The first three factors seem like a bit of a stretch, but you can imagine some type of argument tying Mr. Tsarnaev’s mental state to the trauma of being a refugee. Indeed, I would guess that there are at least two types of trauma that refugees suffer: The trauma of the events that led them to flee their country, and the trauma of the refugee/resettlement process itself. There are certainly examples of refugees who engage in self-destructive behavior (I’ve written about that issue here), but without something more–such as a diagnosed mental illness–I doubt refugee status alone would qualify Mr. Tsarnaev for mitigation under one of the first three factors listed above.

The fourth factor–the catch all–provides the most likely opportunity for Mr. Tsarnaev to demonstrate how his status as a refugee might mitigate his punishment. He could argue that he was young, isolated in a new country, heavily reliant on his older brother (who participated in the bombing and was later killed), and influenced by terrible events in his homeland. While I can believe that Mr. Tsarnaev’s refugee status helped shape, and perhaps distort, his worldview, I have a much harder time accepting these problems as a mitigating factor here.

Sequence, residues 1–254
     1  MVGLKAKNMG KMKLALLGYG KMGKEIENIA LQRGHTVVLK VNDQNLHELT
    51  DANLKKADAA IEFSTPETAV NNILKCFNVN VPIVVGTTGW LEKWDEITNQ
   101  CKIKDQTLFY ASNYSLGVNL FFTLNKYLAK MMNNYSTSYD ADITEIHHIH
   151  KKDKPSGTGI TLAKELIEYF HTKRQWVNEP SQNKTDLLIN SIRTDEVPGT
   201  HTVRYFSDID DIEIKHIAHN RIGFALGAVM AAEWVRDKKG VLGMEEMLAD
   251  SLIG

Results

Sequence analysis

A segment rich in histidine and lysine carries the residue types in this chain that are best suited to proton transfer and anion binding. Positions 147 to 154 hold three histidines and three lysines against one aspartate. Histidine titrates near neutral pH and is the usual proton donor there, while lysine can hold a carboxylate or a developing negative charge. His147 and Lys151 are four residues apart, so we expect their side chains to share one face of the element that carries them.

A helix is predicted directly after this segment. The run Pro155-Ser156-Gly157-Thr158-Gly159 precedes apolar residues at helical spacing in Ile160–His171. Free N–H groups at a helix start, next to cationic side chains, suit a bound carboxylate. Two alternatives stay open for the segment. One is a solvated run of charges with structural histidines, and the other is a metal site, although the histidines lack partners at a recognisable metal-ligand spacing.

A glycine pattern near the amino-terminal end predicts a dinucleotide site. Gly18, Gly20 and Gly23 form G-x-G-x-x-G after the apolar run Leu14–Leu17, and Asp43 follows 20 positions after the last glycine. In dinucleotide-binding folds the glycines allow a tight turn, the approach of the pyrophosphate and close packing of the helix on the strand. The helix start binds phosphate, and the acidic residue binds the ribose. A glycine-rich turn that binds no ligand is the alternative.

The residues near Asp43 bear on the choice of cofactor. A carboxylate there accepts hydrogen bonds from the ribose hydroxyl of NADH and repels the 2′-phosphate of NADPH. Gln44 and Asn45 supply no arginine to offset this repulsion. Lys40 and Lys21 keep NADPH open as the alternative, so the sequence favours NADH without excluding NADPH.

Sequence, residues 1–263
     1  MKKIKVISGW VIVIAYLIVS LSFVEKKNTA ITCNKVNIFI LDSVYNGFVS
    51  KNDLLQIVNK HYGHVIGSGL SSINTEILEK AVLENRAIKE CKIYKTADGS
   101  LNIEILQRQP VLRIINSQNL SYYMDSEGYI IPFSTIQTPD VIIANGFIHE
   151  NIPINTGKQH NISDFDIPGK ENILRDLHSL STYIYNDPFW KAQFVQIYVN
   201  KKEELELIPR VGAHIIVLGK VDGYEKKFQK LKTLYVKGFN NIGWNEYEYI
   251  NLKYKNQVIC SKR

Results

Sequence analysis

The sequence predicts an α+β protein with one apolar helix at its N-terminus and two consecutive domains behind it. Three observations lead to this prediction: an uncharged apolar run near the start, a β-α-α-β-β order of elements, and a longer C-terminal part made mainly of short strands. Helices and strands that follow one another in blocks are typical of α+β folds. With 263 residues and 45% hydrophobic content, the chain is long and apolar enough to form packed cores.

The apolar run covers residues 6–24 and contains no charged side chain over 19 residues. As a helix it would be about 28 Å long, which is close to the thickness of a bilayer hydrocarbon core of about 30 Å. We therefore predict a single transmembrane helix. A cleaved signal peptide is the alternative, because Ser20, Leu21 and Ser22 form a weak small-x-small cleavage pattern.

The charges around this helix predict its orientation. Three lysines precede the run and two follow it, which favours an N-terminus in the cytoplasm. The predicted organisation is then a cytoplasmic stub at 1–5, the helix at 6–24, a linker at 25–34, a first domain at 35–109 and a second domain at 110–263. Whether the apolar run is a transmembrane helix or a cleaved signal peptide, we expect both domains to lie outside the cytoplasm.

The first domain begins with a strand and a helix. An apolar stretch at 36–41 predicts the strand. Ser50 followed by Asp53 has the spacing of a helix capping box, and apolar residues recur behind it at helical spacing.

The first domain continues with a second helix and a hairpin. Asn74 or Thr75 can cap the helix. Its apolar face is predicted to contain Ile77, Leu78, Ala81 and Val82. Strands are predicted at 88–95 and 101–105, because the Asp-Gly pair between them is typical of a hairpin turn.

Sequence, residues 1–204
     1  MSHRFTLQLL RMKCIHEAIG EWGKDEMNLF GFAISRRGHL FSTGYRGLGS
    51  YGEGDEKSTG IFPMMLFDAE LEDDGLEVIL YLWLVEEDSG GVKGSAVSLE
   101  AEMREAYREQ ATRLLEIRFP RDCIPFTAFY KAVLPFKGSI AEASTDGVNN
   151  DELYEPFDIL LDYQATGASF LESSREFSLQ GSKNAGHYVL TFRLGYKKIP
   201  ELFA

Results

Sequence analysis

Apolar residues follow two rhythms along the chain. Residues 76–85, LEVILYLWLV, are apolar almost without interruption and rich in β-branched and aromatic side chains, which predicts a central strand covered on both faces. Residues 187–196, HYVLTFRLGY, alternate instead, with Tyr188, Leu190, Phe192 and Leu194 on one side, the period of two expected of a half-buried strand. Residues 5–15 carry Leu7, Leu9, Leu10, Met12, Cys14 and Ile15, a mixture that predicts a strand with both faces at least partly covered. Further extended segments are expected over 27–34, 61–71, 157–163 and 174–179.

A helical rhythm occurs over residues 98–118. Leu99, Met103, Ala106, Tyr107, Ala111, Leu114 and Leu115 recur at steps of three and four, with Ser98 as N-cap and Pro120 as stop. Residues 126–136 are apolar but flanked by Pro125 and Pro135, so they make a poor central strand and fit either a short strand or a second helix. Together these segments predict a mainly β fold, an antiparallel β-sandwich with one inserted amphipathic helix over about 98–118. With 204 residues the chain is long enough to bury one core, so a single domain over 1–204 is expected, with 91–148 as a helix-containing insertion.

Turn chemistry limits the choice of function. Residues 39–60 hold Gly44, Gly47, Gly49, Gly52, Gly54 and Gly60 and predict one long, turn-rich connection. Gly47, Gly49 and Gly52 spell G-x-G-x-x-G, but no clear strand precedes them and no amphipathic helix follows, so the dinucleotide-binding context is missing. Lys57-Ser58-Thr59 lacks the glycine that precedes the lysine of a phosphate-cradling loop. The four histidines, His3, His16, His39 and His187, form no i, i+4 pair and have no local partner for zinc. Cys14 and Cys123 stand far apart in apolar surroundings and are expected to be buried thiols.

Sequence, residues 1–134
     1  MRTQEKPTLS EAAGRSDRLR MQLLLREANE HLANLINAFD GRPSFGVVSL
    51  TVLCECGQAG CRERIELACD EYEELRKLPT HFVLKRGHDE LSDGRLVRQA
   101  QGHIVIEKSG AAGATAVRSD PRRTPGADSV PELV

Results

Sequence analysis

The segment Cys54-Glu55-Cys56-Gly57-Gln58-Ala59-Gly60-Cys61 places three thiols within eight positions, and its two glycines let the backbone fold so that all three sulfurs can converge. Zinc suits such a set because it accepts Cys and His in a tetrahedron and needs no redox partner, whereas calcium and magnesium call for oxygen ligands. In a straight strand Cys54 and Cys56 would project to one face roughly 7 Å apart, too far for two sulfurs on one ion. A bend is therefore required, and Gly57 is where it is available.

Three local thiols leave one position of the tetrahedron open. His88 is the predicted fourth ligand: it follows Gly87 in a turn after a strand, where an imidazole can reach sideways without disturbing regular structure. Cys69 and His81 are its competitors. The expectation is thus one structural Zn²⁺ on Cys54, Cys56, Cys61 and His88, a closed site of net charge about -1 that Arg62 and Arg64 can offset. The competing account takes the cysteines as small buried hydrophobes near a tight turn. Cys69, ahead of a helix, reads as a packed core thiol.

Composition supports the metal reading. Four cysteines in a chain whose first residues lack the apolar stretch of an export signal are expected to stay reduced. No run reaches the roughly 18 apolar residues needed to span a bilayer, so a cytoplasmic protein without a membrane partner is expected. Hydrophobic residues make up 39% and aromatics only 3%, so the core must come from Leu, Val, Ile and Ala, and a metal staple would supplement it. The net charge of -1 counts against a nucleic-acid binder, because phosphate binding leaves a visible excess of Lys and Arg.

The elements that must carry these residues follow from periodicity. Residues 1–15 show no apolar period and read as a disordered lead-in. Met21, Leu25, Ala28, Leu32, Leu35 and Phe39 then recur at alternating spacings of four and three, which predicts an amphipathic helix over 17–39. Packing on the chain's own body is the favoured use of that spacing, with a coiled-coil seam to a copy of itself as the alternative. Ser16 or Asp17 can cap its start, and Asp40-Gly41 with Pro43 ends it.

Had his crime been substance abuse, or even some type of impulsive, violent act, I could see how refugee status might be viewed as a mitigating factor and how there might be opportunities for positive intervention in his life. But in this case, Mr. Tsarnaev and his brother planned, prepared, and carried out a terrorist attack. This is not the type of crime that results from a traumatic past. It is the type of crime that comes from having a distorted world view and a total disregard for human life.

I have known many refugees, and many people who have suffered severe trauma–much more severe than anything I have heard about in the Tsarnaev case. While most such people work hard to overcome their past difficulties, some turn to drugs or alcohol; others commit crimes. But none are like the Tsarnaevs. Their’s was a carefully planned and orchestrated act. To allow Dzhokhar Tsarnaev to use his refugee status as a mitigating factor would be an insult to the many refugees who have overcome their terrible past. While there may be other factors that allow Mr. Tsaenaev to avoid the death penalty, his status as a refugee should not be one of them.

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If imitation is the highest form of flattery in art, immigration is the highest form of flattery in politics. The decision to move to a particular country demonstrates the belief that that country is worth living in. So as the Winter Olympics in Sochi, Russia approaches, it will be interesting to compare the number of athletes who seek asylum in Russia to the number who sought asylum during the 2012 Games in Great Britain.